Dear President of ETH Zurich
Dear Rector of ETH Zurich
Dear President of the ETH Board
It is a great honour and pleasure for me to speak to you on this year’s ETH Day.
Many citizens may not know that the Swiss Federal Institute of Technology (ETH) and the Swiss National Bank (SNB) have a related ‘origin story’. The years after 1848 saw the founding of one important federal institution after another in the fledgling Swiss Confederation. And the question of where those institutions should be sited triggered a cantonal tug-of-war. The wrangling over the ETH and the SNB took a particularly long time to resolve. Indeed, in the case of the SNB, the situation was so delicate that, right up to the year 2004, a distinction was made between the institution’s legal and administrative headquarters in Berne, and the seat of its Governing Board in Zurich.
Dear Professor Mesot, just over a year ago, during your welcome address marking the centenary of the SNB’s main building at Börsenstrasse, you made a tongue-in-cheek reference to the ‘horse-trading surrounding federal institutions’ and mentioned malicious rumours about the ETH being something of a consolation prize for Zurich. Without wishing to dwell on the question of who got the biggest and best prizes, I think it is safe to say that Zurich did not fare too badly with the ETH and the SNB. The city authorities recognised this fact by offering both institutions highly prestigious plots for their buildings. Incidentally, Zurich’s business community argued vigorously at the time that the SNB’s Governing Board would become intellectually ossified if its seat were not in Zurich. I am not aware of any such medical arguments being made with respect to the ETH. And I don’t intend to go out on a limb here and defend the scientific veracity of this diagnosis.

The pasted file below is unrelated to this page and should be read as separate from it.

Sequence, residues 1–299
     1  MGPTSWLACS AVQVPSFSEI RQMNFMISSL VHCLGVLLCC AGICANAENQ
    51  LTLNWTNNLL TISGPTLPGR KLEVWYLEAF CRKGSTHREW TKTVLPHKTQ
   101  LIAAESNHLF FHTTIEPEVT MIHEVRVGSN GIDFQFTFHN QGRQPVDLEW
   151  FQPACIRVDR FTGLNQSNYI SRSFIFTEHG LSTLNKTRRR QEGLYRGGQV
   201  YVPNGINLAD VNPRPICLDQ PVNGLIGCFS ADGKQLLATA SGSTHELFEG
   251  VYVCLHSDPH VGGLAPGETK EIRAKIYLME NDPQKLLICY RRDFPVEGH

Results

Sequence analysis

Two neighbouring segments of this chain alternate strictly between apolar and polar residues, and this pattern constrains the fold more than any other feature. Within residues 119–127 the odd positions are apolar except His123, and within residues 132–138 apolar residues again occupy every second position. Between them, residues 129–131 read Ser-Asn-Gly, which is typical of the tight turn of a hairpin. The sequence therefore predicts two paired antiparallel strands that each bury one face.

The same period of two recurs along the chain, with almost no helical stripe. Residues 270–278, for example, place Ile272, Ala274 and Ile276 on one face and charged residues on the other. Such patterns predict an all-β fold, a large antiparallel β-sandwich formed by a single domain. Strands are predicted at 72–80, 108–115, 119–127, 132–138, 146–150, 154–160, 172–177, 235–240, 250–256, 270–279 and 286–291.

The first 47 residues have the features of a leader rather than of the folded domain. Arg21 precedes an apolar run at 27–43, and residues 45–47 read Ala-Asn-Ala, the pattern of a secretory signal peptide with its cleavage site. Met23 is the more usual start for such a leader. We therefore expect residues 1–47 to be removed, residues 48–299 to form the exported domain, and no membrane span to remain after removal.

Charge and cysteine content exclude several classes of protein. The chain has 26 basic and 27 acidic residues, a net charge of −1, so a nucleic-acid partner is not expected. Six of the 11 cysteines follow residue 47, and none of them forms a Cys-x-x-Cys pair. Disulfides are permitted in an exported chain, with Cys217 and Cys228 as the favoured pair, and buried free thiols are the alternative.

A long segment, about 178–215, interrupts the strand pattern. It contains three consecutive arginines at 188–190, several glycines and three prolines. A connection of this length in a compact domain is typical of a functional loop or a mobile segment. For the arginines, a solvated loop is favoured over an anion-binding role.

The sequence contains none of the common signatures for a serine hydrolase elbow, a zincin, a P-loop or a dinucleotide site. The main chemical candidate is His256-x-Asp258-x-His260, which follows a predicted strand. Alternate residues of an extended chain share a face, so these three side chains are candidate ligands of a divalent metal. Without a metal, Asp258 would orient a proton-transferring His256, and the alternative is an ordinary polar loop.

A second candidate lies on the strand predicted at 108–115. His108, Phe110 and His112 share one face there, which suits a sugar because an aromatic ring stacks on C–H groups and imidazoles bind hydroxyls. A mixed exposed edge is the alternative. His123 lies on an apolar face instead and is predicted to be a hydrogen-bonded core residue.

Their ‘origin story’ is certainly not the only thing that the ETH and the SNB have in common. Today, our two institutions are linked by important shared projects and close exchanges. For example, the new Secure Swiss Finance Network, or SSFN, is based on the SCION architecture developed at the ETH. The SSFN is the communications network used by the Swiss financial sector and is the first commercial application of SCION. The idea for the SSFN grew out of an experimental collaboration between the ETH and the SNB.
We have also cultivated an academic exchange with the KOF Swiss Economic Institute since the 1930s and are represented on its Executive Committee. These are just a few points of contact between the ETH and the SNB. Even more significant than these links, however, is the fact that both of our institutions play an important role in creating the conditions for prosperity and growth in our country.
The ETH does this via its exceptional contribution to education and research. Ladies and gentlemen, year after year your institution ranks among the top universities in the world – a formidable achievement. You educate the highly qualified specialists our country urgently needs. With your inventions and spin-offs, you also make a significant contribution to innovation and entrepreneurship in Switzerland.
By ensuring price stability and contributing to financial stability, the SNB likewise plays a major part in shaping the conditions for prosperity in our country. Stability is one of the most important framework conditions for Switzerland. Low inflation enables an efficient allocation of resources and is also essential for social cohesion. Moreover, monetary stability is a fundamental prerequisite for politics and business in Switzerland to function optimally and to perform their respective tasks sustainably.